“By engaging the parasympathetic nervous system, the heart rate slows, breathing becomes slower and deeper, and the mind begins to relax and let go,” Winter says. “The parasympathetic nervous system is the opposite of the sympathetic nervous system — ‘fight or flight’ — which all too often gets revved up when certain individuals struggle to sleep. They begin to ‘try’ to fall asleep, which leads to frustration and anxiety — not good for engaging sleep.”
Is tactical breathing beneficial for sleep?
While there isn’t yet enough solid evidence to demonstrate tactical breathing as a more effective form of sleep-inducing stress relief than any other type of breathing method, many experts consider conscious breathing techniques to be forms of mindfulness meditation, a practice often recommended to reduce stress or anxiety related to sleep. According to one 2018 systematic review and meta-analysis, researchers found that mindfulness meditation — defined as paying attention “on purpose, in the present moment, and nonjudgmentally” in a way that is “curious and kind” — may be effective in treating some types of sleep problems. While further research is needed to explore the connection, scientists found no significant difference between the effects of mindfulness meditation and evidence-based sleep treatments. A new study, published in 2023 in Cell Reports Medicine, found that breathwork, including cyclic sighing, was effective at improving mood and reducing respiratory rate.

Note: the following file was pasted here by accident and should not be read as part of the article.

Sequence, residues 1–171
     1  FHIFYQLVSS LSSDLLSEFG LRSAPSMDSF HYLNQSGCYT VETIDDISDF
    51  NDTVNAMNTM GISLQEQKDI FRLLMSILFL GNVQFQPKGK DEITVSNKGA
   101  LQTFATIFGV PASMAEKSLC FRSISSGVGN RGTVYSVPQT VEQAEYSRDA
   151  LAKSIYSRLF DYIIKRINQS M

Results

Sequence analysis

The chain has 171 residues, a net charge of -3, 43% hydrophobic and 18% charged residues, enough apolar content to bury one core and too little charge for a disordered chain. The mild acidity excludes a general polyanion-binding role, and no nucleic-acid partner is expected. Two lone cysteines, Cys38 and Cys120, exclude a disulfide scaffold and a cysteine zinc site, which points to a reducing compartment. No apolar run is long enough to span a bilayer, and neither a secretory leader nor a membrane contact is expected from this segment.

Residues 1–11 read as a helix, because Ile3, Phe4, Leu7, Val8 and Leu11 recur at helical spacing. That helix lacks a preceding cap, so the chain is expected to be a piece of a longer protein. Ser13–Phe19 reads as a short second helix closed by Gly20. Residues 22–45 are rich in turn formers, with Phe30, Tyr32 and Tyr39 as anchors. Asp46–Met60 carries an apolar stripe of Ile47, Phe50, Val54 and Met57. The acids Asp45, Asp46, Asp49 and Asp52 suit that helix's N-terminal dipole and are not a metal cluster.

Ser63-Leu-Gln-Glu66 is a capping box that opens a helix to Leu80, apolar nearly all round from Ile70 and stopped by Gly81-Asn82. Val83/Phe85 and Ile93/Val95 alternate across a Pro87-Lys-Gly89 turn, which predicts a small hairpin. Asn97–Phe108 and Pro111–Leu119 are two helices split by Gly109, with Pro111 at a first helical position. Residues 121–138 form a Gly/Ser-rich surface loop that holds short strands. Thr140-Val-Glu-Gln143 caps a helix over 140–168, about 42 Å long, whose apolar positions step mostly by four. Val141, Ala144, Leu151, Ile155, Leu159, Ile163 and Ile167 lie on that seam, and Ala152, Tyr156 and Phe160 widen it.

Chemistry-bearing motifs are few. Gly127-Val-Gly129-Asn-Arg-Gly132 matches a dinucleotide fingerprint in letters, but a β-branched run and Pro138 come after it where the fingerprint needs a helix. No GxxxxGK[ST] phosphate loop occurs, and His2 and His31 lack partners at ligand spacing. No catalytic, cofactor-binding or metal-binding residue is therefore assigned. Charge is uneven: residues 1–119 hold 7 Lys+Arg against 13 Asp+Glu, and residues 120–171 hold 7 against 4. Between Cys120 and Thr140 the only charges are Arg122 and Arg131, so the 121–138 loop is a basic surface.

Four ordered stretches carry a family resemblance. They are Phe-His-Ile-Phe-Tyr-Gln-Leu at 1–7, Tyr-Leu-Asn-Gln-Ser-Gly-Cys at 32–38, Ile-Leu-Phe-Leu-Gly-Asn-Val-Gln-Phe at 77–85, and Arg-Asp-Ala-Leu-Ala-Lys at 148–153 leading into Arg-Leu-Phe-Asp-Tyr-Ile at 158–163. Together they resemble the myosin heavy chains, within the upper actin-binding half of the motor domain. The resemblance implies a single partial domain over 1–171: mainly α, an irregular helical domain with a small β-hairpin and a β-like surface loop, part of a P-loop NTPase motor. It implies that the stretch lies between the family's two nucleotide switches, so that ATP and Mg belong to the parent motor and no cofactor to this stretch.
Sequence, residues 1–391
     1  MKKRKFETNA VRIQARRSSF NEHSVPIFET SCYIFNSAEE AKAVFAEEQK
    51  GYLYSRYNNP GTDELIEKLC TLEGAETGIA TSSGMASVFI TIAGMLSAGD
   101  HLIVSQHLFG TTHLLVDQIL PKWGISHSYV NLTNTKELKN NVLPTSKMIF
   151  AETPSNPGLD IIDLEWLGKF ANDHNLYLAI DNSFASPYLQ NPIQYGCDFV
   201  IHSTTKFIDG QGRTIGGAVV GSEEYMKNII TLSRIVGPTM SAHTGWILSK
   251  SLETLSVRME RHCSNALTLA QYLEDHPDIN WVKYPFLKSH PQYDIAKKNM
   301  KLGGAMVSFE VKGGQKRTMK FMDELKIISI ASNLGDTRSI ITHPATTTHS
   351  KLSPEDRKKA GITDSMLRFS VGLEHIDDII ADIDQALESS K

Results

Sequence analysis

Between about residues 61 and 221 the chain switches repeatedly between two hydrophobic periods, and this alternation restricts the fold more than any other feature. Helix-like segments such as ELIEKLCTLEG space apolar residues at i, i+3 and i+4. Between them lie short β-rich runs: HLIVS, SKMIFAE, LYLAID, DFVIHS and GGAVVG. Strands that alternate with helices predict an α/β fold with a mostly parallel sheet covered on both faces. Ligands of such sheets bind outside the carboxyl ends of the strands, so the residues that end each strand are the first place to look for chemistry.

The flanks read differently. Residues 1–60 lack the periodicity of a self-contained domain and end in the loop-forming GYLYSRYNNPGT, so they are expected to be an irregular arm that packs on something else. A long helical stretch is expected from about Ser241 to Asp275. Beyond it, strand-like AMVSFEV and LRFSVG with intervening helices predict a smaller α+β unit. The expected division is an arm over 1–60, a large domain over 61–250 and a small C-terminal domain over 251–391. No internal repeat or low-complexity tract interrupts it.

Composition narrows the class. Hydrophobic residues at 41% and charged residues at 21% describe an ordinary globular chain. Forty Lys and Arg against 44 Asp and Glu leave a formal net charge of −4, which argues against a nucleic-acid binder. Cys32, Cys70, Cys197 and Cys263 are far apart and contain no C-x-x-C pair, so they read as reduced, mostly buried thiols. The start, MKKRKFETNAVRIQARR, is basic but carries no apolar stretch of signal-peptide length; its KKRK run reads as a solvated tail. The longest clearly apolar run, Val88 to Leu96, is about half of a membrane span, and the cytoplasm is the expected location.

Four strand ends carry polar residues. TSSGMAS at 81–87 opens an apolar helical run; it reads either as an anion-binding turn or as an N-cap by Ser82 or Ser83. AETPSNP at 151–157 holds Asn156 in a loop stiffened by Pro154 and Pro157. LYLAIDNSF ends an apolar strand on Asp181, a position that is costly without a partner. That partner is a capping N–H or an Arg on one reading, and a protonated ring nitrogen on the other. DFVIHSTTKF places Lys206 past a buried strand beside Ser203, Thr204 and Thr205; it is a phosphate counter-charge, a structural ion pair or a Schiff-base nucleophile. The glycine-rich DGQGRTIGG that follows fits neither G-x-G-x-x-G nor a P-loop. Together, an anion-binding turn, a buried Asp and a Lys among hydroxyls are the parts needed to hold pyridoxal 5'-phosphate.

“There are various methods of breathing, and tactical breathing is one of them; there are no specific studies that show that tactical breathing is more beneficial than others,” Afolabi-Brown says. “The important thing is finding the one that works for you and doing it consistently. Research using this method specifically has not been sufficient to recommend it over other breathing techniques.”
One breathing technique that’s gotten a lot of attention for its effect on stress is called box breathing. While it may seem like box breathing and tactical breathing are the same, the difference is the intention while breathing. Uniformed Services University defines tactical breathing as “a method of using your breath to change how you feel physically and emotionally to focus your attention and improve your performance.” Former US Navy SEALs Commander Mark Divine told Forbes in 2019 that this method is generally employed in acute stressful situations, while box breathing can be considered more of a daily practice for stress management and emotional awareness, as well as mental sharpness.